News National ABC management accessed staff emails without consent

ABC management accessed staff emails without consent

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The ABC has revealed cases where senior managers accessed staff emails.
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ABC management signed off on requests to access the email accounts of current and former employees without their knowledge more than a dozen times in a two-year period, The New Daily can exclusively reveal.

The ABC also declined multiple opportunities to deny that the accessed accounts included those of journalists or that inboxes were opened without specifically notifying the user.

According to internal emails obtained through freedom of information laws, senior staff at the national broadcaster allowed colleagues to peek into inboxes that weren’t theirs at least 13 times between November 2014 and December last year.

The justifications for the snooping included locating contracts and correspondence between the ABC and other parties and ensuring “continuation of business” following staff departures. While the majority of inboxes accessed belonged to ex-employees and contractors, ABC workers on leave were also affected.

The cases include:

  • A former employee’s inbox being accessed in November 2014 “to check on a listener response email which has escalated”;
  • A recently departed staffer’s emails being searched for messages to the “News Exec” or ABC People, the broadcaster’s human resources department, and documents connected to redundancies of journalists in South Australia in mid-2015;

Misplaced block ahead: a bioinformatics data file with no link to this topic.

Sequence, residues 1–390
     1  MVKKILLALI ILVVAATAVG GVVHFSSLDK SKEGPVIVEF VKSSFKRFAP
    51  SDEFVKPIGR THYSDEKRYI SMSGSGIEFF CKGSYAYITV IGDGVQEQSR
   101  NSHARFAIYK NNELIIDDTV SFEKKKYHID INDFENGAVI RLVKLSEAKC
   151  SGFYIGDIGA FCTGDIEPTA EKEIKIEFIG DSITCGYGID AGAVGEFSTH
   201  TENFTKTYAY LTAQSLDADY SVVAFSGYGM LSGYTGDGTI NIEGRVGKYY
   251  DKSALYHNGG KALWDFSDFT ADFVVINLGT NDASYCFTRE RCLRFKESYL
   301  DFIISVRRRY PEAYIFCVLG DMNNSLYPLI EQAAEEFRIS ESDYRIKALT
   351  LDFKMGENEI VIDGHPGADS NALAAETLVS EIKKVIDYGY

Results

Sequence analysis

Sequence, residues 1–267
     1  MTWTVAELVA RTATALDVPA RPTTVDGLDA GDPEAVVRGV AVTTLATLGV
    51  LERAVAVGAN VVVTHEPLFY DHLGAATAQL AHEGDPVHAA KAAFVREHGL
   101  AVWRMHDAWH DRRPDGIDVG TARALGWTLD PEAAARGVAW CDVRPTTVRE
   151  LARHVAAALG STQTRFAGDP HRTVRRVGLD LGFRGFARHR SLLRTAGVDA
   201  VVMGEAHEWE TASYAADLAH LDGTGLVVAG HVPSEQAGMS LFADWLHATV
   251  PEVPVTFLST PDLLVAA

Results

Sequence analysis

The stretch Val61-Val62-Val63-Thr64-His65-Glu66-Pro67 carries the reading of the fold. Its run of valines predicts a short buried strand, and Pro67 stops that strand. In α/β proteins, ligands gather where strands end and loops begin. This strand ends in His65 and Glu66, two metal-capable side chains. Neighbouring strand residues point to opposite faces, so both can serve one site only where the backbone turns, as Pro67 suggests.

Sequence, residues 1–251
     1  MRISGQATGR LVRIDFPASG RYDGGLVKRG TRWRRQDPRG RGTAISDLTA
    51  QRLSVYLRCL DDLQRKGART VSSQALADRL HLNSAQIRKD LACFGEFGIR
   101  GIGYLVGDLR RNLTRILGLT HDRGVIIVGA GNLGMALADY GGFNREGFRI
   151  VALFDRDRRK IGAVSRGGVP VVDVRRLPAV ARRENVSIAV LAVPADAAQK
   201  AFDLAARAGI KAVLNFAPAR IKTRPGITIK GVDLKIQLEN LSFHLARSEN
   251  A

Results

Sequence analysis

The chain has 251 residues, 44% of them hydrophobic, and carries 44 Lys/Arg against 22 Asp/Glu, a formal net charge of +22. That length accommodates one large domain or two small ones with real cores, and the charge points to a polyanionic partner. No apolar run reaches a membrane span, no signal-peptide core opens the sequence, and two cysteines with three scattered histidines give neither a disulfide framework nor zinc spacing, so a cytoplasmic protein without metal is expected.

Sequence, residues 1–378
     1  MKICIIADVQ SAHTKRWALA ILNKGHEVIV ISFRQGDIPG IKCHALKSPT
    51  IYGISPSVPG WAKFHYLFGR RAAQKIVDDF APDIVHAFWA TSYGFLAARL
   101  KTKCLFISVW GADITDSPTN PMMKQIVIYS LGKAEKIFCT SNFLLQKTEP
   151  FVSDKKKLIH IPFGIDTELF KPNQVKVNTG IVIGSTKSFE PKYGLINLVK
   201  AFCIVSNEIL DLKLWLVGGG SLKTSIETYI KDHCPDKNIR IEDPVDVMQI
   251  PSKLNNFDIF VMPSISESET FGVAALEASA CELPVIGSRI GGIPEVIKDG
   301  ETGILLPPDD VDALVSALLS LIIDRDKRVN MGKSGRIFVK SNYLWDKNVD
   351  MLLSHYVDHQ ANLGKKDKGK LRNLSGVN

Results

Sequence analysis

• An employee who had his account searched last July for a “high-priority email” from a content supplier to the BBC while he was on leave;
  • A contractor whose account was approved for access in July 2016 to allow a new employee “follow up” on her work while she was away from the ABC;
  • A lawyer formerly employed by the ABC whose inbox was accessed in March 2015 to check if payment preconditions were met for teen drama Nowhere Boys as part of an internal audit.

The emails obtained by The New Daily, which have names and identifying details redacted, do not indicate that the employees in question were notified.

“As with most organisations and media companies, ABC staff email accounts are not owned by individual staff members but are a workplace tool provided for the purposes of carrying out work for the ABC,” a spokesperson said, adding that work accounts were only accessed in line with a “robust set of principles” that is outlined to all employees.

Internal policy at the broadcaster states that work emails are “automatically archived and held as a record which are monitored from time to time and, if necessary, may be recovered and used by the ABC”.

Asked if the ABC could guarantee the security of journalists’ sources under such conditions, the spokesman said this was “sacrosanct” at the public broadcaster.

“ABC takes the protection of journalists’ sources very seriously and understands the absolute necessity for journalists to protect those sources,” he said.

A representative from the Media, Entertainment and Arts Alliance, however, said that employees in general should be notified before their emails were accessed from the outside.

“Where an employer believes they have reason to place an employee under surveillance or access their communications, the employee must at the very least be be notified first, a clear and genuine reason supplied and that employee has the right to be represented by their union in this process,” the spokesperson said, adding that they could not comment on the particulars at the ABC.

Sinddy Ealy, ABC Section Secretary of the Community and Public Sector Union, said the broadcaster should make “every reasonable effort” to contact an employee before opening their inbox but acknowledged there may sometimes be legitimate reasons for access.

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